Monday, June 29, 2009

Easterlyisms... poverty tourism

Bill Easterly had a casual blog post about a serious subject, poverty tourism. In his post, he lampooned some effort by the Millennium Village movement to extract more money out of frequent visitors. Now, I could see myself, at some conference in Rwanda, thinking it might be interesting to go visit a Millenium Village, because after all, according to the website, they "are proving that by fighting poverty at the village level through community-led development, rural Africa can achieve the Millennium Development Goals by 2015 and escape from the poverty trap." So it would be interesting to see. And why not have the MV charge me for that visit, instead of making it a freebie. After all, if I'm taking up project participant time while they explain their latest crop technology, why not earn something on the side? Is there really something wrong with this?

In Burkina Faso, all the guidebooks point visitors to the village of Tiebele, near the Ghana border, where women paint fantastic geometric designs on the houses. It is pretty clear, when you visit the village, that the steady stream of tourists means houses are painted more often and better, and that plenty of people make decent livelihoods through the tourism. I grew up in Puerto Rico, a tourist destination par excellence, and remember vividly the government's efforts to educate the population about what is in everyone's collective self-interest: Smile at the tourists! Is it such a big deal? Safeway famously does it in the U.S.; heck, my "customers" (the students at the university) get the treatment all the time. We want you to be happy so you give us your money.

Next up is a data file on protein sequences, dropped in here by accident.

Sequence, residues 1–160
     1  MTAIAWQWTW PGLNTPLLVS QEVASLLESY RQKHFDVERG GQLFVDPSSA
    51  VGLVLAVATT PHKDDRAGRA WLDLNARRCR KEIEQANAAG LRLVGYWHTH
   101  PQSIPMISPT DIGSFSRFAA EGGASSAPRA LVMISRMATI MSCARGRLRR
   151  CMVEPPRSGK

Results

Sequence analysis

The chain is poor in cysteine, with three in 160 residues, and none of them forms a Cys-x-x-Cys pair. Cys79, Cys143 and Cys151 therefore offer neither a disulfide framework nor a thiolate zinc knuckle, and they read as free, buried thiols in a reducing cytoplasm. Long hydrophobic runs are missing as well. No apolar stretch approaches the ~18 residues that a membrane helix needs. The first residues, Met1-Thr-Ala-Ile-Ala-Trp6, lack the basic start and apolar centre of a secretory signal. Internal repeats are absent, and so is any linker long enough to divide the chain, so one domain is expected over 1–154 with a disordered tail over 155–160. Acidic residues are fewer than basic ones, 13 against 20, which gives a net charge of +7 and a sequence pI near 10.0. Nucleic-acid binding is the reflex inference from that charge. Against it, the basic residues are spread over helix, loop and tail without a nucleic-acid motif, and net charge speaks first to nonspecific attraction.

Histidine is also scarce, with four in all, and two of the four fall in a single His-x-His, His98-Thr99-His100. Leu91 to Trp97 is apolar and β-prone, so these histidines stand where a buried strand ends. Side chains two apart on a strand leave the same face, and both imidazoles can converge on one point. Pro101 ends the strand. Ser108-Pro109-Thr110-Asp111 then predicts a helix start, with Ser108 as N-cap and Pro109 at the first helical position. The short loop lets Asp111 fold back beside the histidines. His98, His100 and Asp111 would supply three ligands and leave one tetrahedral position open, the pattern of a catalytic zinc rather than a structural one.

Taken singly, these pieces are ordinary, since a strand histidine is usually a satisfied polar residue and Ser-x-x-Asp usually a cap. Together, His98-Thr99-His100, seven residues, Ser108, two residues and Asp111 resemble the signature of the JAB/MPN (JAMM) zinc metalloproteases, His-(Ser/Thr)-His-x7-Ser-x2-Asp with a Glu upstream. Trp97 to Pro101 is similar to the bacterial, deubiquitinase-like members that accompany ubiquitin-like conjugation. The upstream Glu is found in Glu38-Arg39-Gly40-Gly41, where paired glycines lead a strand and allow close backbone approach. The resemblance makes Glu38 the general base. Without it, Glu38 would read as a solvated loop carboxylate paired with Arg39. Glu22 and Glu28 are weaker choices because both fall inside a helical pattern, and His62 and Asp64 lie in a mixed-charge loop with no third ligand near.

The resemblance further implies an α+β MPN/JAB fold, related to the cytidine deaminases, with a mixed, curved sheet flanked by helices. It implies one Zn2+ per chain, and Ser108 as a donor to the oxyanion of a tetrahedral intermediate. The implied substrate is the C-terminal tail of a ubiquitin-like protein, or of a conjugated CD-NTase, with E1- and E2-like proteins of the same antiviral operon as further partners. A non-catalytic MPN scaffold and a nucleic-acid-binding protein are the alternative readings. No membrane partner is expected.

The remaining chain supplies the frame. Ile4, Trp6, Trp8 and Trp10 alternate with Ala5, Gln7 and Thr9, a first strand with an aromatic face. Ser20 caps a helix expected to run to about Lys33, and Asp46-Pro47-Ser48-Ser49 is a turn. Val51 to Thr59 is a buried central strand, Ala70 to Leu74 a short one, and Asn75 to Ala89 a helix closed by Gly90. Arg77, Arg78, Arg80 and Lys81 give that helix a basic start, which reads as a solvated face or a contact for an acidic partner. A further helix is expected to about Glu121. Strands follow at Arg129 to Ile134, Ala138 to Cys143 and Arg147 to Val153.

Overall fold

But Easterly has a big problem with this- he thinks its sick. He's really worried about "patronizing attitudes towards Africans." As if a book (his) called "The White Man's Burden" wasn't a patronizing attempt to separate readers' from their money. Or have you noticed the paperback cover of "The Elusive Quest for Growth"? An old-time compass and map, patronizingly reinforcing the illusion that "explorers" read about darkest Africa... and the Amazon jungle too... Cast first stone, etc.

Easterly concludes, "Try looking at the poor Rwandans living in the MV not as anonymous and interchangeable exhibits for a “poverty trap,” but as individuals who possess rights and human dignity just like us. Then we maybe we will understand that the most impressive, knowledgeable, and motivated soldiers in the war on poverty are usually poor individuals themselves." But he's so hopelessly misrepresenting the MV or other development projects, which are usually 99% local (with a couple expatriate directors or experts or low-level volunteers or grad students etc.) At FAVL, for instance, 95% of the work on the ground in the libraries and camps is done by locals. And they, like in MV, are the ones explaining to visitors what is going on, and making sure visitors understand the purposes of the libraries and how they work. How can it be dehumaizing for a village resident who works for FAVL (or MV) to be explaining to an outsider what the project is doing in terms of reading or farming or whatever. What exactly does Easterly think is dehumanizing? Does he think a village resident is "dehumanized" when he or she sees a bunch of rich people step out of an air-conditioned bus and point at a goat sitting in a tree and take pictures?

To answer my own rhetorical question, an anecdote; When I lived in a little village in Sudan for a year back in the 1980s, one day a "development worker" came by to promote bee-keeping. He was a wild guy, with a big long beard. The NGO called a meeting, and everyone in the village came and sat around. Everyone politely listened. Afterwards, not a single person grumbled about wasting an hour. They all completely dismissed the bee-keeping as pie in the sky. But that weird khuwaja (westerner) with the BEARD... he was HILARIOUS. He was talked about for weeks. So where was the dehumanization?

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